On International Peace Day, Wednesday September 21, the feisty protest group, Women of Zimbabwe Arise (WOZA), staged a peaceful demonstration in Harare, demanding "Peace not Poverty". Until the riot police intervened with batons it was an entirely peaceful, orderly and good-natured protest. A short distance from Town House the protesters were intercepted by baton-wielding riot police who lashed out at them without mercy. Most of them managed to escape arrest on this occasion, though not to avoid bruises and cuts from the police batons. It is believed however than three of their number were detained by the police. Human rights lawyers are seeking to establish the whereabouts of the three and the nature of any charges brought against them, but at the time of filing this report the lawyers had not been able to make contact with them.

Refugees & forced migration

Africa: Scaling the Fences


Some 100 migrants from sub-Saharan Africa made it Tuesday over the high fences separating Morocco from the Spanish enclave of Melilla on the southern coast of the Mediterranean sea, while another 400 were kept out by the Civil Guard. The storming of the border occurred just a few hours before the media in Spain aired a video filmed by the children's rights organisation PRODEIN, which shows Civil Guard agents in riot gear violently repelling a similar concerted attempt by migrants on September 20.

Angola: Fourth phase of repatriation from Congo Brazzaville postponed


The fourth and last phase of repatriation of Angolan refugees in Congo Brazzaville, that was to start on the 26th of September, has been postponed, due to technical reasons, a source with the Social Welfare Ministry (MINARS), announced. A MINARS press note delivered to Angop says that 112 Angolan citizens coming from that African country were expected today at Cabinda's Massaby border station. The organised repatriation of about 3.000 Angolan refugees living in Congo Brazzaville started in the middle of this year, in an operation that has already repatriated 286 national citizens, most of whom born in northern Cabinda province.

Rwanda: Evictees cry foul


Thousands of people evicted from Gishwati forest and relocated to Gaseke district in Gisenyi province are seriously in need of a hospital and health centres to improve on the looming health crisis. "The government gave us houses and plots for farming, but we are facing a great problem concerning lack of a hospitals," a resident claimed. The residents say contagious air and waterborne diseases are now common due to lack of appropriate health services. Residents also lack schools for their children, since those available are not enough for hundreds of children in the communal settlement.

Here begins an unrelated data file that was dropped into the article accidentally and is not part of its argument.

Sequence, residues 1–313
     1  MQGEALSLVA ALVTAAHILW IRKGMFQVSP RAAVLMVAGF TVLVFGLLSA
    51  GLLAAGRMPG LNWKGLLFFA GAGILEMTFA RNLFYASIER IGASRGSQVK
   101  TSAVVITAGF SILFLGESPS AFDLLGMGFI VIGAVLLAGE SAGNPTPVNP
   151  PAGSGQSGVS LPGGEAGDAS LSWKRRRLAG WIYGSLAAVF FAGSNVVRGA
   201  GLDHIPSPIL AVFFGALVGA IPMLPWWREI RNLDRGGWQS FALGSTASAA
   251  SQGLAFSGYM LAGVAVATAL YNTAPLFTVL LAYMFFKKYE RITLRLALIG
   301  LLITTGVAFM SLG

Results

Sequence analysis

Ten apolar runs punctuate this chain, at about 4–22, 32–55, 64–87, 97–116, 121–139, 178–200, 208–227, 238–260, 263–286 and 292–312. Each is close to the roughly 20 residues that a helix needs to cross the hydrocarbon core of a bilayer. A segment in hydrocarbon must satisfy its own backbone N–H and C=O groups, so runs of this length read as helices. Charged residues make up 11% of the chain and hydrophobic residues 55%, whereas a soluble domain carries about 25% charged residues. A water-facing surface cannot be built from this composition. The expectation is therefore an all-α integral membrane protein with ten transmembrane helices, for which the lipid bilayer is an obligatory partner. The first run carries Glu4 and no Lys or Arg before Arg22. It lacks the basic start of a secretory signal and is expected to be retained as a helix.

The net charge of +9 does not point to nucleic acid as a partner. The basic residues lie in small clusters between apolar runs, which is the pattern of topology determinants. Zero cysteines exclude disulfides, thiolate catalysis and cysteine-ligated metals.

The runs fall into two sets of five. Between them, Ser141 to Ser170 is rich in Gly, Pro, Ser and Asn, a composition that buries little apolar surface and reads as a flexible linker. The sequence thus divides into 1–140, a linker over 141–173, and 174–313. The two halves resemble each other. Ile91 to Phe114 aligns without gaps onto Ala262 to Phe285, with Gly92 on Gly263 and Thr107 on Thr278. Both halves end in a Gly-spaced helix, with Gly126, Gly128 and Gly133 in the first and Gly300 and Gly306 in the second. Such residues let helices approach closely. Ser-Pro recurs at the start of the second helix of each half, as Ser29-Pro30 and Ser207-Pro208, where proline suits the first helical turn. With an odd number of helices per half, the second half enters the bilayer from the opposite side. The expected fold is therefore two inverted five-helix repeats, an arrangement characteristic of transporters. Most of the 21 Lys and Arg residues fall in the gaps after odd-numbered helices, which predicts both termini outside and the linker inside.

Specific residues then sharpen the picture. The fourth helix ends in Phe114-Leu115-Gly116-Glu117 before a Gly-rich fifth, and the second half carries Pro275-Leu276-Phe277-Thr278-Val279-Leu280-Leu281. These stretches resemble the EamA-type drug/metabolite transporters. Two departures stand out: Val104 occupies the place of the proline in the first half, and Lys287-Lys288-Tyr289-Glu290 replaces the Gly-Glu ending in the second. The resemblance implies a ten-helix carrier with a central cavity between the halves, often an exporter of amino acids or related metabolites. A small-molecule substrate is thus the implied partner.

South Africa: UNHCR helps South Africa tackle huge asylum backlog


The UN refugee agency has been conducting training sessions for state officials hired as part of the South African government's drive to improve its capacity to tackle the huge backlog of asylum seekers. Although the Department of Home Affairs (DHA), which determines who is a refugee using criteria agreed by UNHCR, has been processing more asylum cases in recent months, this increase has been outstripped by the number of new applications, which totalled 32,558 in 2004. By the start of this year, the number of pending cases had climbed to some 115,000. The record number of pending asylum applications - far in excess of what the DHA staff could handle - prompted the government to launch a strategy that included dramatically improving its ability to tackle the backlog. UNHCR is providing training, advice and materials to support this effort to raise the capacity both of staff and their equipment.

Uganda: More internally displaced people identified in the North